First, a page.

The E-Book Revolution

I’ve recently started using Amazon’s Kindle.  I didn’t buy one, I couldn’t justify buying an environmentally costly piece of tech designed merely for e-reading, though admittedly, the Kindle Fire does look very lovely and is a far more environmentally and economically sound investment versus the old one-trick-pony Kindle.  Unfortunately, being that I’m a poor college student, I don’t have $150 lying around.  I’m kind of saving up my money in hopes of visiting the optometrist soon and getting a pair of glasses so that I don’t get crow’s feet style wrinkles from squinting at the board during school lectures.

Anyhow, so I sprung for the only Kindle in my budget, the free Google Chrome app.

I’ve bought a few e-books: an ethnography on the Hadza Hunter-Gatherers that I needed to read for one of my Anthropology classes (and I got full points on the paper I had to write reviewing it), Odd and the Frost Giants written by my favorite author (it was on sale), and Infected: Click Your Poison by James Schannep (because, duh, zombies — totally worth the four bucks by the way, I recommend going and buying).

I’m liking e-books so far.  The one-click buying option on Amazon makes it very dangerous for my wallet, but otherwise, the Kindle’s highlighting and note-taking capabilities proved very useful for my writing assignment, and I like that my Kindle app on the computer can synch to the one on my phone, and I’m able to open up at the page I left off reading on anywhere, anytime.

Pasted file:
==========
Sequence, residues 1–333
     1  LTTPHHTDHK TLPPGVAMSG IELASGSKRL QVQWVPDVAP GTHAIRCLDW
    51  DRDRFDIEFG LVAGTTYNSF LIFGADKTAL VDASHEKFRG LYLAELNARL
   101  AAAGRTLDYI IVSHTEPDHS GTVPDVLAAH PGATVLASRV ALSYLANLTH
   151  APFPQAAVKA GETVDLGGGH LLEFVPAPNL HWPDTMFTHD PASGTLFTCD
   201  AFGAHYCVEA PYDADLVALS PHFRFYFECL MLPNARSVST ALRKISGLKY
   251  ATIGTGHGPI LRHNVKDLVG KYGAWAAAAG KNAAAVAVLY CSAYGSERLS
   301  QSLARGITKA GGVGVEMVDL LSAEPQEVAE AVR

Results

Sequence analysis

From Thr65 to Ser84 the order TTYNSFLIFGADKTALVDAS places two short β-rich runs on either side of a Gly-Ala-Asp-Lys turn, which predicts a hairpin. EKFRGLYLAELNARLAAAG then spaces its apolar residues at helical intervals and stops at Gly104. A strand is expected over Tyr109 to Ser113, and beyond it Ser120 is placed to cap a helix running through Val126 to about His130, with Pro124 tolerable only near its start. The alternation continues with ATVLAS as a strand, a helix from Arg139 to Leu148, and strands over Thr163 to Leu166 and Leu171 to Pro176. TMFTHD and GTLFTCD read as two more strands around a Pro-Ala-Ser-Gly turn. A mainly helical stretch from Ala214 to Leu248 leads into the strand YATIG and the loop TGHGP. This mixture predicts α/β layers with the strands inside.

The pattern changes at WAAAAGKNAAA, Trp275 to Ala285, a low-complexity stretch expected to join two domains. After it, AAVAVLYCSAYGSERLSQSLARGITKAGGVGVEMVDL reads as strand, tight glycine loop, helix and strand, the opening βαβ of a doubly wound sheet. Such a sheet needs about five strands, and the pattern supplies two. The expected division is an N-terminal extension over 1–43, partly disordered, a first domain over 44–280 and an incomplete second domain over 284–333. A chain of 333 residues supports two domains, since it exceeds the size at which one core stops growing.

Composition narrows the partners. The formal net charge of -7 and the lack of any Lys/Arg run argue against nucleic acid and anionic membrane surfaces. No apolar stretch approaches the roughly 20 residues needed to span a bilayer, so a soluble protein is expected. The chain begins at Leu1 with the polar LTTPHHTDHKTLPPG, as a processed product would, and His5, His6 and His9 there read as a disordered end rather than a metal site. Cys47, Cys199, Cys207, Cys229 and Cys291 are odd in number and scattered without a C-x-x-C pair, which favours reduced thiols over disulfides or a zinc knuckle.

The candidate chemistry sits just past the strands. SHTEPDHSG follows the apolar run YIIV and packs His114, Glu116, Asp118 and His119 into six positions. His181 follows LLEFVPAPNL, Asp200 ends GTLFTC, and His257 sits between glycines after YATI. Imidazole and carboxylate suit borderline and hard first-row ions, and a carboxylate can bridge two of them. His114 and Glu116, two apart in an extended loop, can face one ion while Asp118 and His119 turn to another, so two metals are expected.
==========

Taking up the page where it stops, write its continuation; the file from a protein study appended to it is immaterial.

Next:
On twitter, which is another dangerous new toy that’s becoming far too much of a distraction, I’ve recently collected several e-book authors on both my follower and following lists, and I realized as I sat there scrolling through the ridiculously numerous tweets of “buy my e-book” or “buy his e-book” or “buy her e-book”, that we are currently in the midst of a revolution in the literature world.  This thought may or may not have been prompted by an email update I received from Writer’s Digest featuring an article talking about e-books as an easy, low-cost alternative to conventional forms of self-publishing.

Admittedly, I have a few prejudices when it comes to self-publishing, I think most people do, but I’m trying to break away from those biases.  I like the indie movement, in music, movies, video games especially, so it stands to reason that I should be open-minded towards indie books, but I’m still very torn on the issue.

I know that traditional publishing can be very difficult to break into, with or without an agent.  I’ve heard many an anecdote on the subject; one about Steven King taking his first book to something like thirty-four different publishing houses before one agreed to option his manuscript and that J.K. Rowling and her agent had to offer paying half-the-costs of printing Harry Potter and the Sorcerer’s Stone in order to get a publisher willing to sign.  If such stories are true, it does beg the question, do publishers really know what makes a good story?  Not to mention, it fuels theories of an elitist world, where publishers decide whose voices can be heard, censoring the masses by silencing and squashing stories they dislike for whatever subjective reasoning they might supply.